.Ebook ⚐ The Telephone Booth Indian ⚈ eBooks or Kindle ePUB free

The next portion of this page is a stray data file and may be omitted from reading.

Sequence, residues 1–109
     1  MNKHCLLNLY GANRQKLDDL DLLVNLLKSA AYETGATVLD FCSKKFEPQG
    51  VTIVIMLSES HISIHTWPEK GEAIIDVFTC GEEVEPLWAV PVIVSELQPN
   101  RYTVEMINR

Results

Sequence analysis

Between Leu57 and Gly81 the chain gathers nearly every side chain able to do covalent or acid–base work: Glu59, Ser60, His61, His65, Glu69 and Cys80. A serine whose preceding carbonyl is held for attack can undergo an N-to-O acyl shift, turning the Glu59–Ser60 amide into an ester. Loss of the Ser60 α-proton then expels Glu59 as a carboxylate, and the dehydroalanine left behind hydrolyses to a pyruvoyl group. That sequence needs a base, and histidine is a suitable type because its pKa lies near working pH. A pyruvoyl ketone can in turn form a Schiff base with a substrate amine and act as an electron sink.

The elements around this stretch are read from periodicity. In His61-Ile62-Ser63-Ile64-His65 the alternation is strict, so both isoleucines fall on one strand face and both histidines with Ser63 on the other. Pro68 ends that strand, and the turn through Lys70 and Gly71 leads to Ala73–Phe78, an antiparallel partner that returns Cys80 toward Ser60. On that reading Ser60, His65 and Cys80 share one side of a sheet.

I read this book in bits and pieces sometimes over and over again Like Joseph Mitchell s stories it reminds me of the New York my father told me about, the New York I remember very vaguely from early childhood with the pre memory sense of familiarity which could have come from the stories your parents told you This is a fantastic book to read if you want to become a good writer, and if you like this book I suggest reading some Joseph Mitchell. And again, and again I have the North Point ed., and it was reissued in this series, which I reviewed in 2003, and which, sad to say, seems to have ceased publication soon thereafter Not because of me, I don t think.So in several ways, they don t make em like this any Some of that is probably a good thing as this article by Jack Shafer points out, Liebling made stuff up Which is sorta disappointing, but also not that surprising I m not sure anyone, not even the promoters and shysters And again, and again I have the North Point ed., and it was reissued in this series, which I reviewed in 2003, and which, sad to say, seems to have ceased publication soon thereafter Not because of me, I don t think.So in several ways, they don t make em like this any Some of that is probably a good thing as this article by Jack Shafer points out, Liebling made stuff up Which is sorta disappointing, but also not that surprising I m not sure anyone, not even the promoters and shysters and scammers Liebling profiles here, could be as consistently quotable as they are here And I don t care much, even though Shafer s article makes a bunch of entirely convincing arguments that I should I guess I think of this as just as much a collection of short stories about NYC roguery as a set of journalistic profiles of real people They re still great pieces about life at the margins of respectability, in the whole NYC demimonde of the 30s I always picture this era in black and white when I imagine living there, which is both understandable and dumb of me, with a swing soundtrack And this furnishes the laugh track, and the street smarts, and all the ways I d know to make a dollar, as they say.Read it two or three times once for the plot, again for the zesty language, and again for the sheer joy Liebling takes in constructing and living the pieces Even if they re not, you know, totally true A collection of sharp and smart essays written in the 1930 s by an ace reporter about the hucksters and con men of the day Mostly engaging and hilarious, except for The Boy in the Pistachio Suit about the history of a newspaper syndicate. So I picked Liebling at Home up at the central branch of the San Diego library, solely for the purpose of reading The Telephone Booth Indian and The Honest Rainmaker , which are long OOP TTBI contains 10 chapters, each a piece written for The New Yorker between 1937 and 1942 Other writings from this period are contained in Back Where I Came From , which also contains the remaining stories that are included in TJB By the way, there was no building called Jollity in NYC it is either a c So I picked Liebling at Home up at the central branch of the San Diego library, solely for the purpose of reading The Telephone Booth Indian and The Honest Rainmaker , which are long OOP TTBI contains 10 chapters, each a piece written for The New Yorker between 1937 and 1942 Other writings from this period are contained in Back Where I Came From , which also contains the remaining stories that are included in TJB By the way, there was no building called Jollity in NYC it is either a composite of several buildings on Broadway, or primarily the Brill Building What this material has in common is Liebling s fondness for writing about the unusual people living in New York City at the time In fact, it s hard to imagine these sorts of people surviving in today s NYC for one thing, the streets and buildings have been transformed over the decades into infrastructures that could not possibly support these curious livelihoods The sorts of scams and cons he writes about have now moved into cyberspace.But that s what I find so charming about Joe s books he describes a world so different from ours, and does so with bemusement and just terrific turns of phrase He often provides direct quotes from his subjects, so you can relish the 1930 s NY speak and the subjective realities of some really colorful characters.Having said that, some of the pieces in TTBI are not really compelling I found the piece on the Schuberts and their success on Broadway rather stiff, which surprised me The piece on the Scripps Howard publishing empire is a lot better so far, every bit of his writing about the press I ve read has been interesting and revealing about publishers Also, these early sports pieces were disappointing, full of details that I found pretty boring, actually The piece on the rise of the hat check business in NYC was good, though This one is probablylike three and a half stars, but I rounded it up to encourage new readers of Liebling.The Scripps name is familiar to all of us San Diego residents E.W Scripps bought a ranch here in 1898 for health reasons and named it Miramar his publishing empire was headquartered in Ohio Early on he founded the Scripps Institute of Oceanography 1903 HIs ranch lands now make up the bedroom community of Scripps Ranch and the Miramar Naval Air Station this was recommended by luc sante, who wrote the introduction liebling s a new yorker writer from way back when, and this is a series of essay on broadway con men and riff raff in the 40s it s excellent I no longer own this book I was so fond of it that I had to give it away.Liebling is incredible Though he lacks the soft, nostalgic heart of Joseph Mitchell, he captures the rough edges of old New York s hustlers and promoters perfectly. .Ebook ☹ The Telephone Booth Indian ⚇ A classic work on Broadway sharpers, grifters, and con men by the late, great New Yorker journalist A J LieblingOften referred to as Liebling lowlife pieces, the essays in The Telephone Booth Indian boisterously celebrate raffishness A J Liebling appreciated a good scam and knew how to cultivate the scammers Telephone Booth Indians entrepreneurs so impecunious that they conduct business from telephone booths in the lobbies of New York City office buildings and a host of other petty nomads of Broadway with names like Marty the Clutch and Count de Pennies are the protagonists in this incomparable Liebling work In The Telephone Booth Indian, Liebling proves just why he was the go to man on New York lowlife and con culture this is the master at the top of his form, uncovering scam after scam and writing about them with the wit and charisma that established him as one of the greatest journalists of his generation and one of New York s finest cultural chroniclers Interesting vignettes of Depression era life in New York The day to day activities of small time businessmen, crooks, athletes, and others are finely shown Liebling s bias shows but this is worth the read in being a time capsule to a bygone age. Reprint of a look from 1945 of the way New York was before and during the depression Filled with bookies, boxers, producers and hat girls Fun read about New York in the early part of the 20th century Chapters cover the Shuberts, boxers and the creating of coat checks.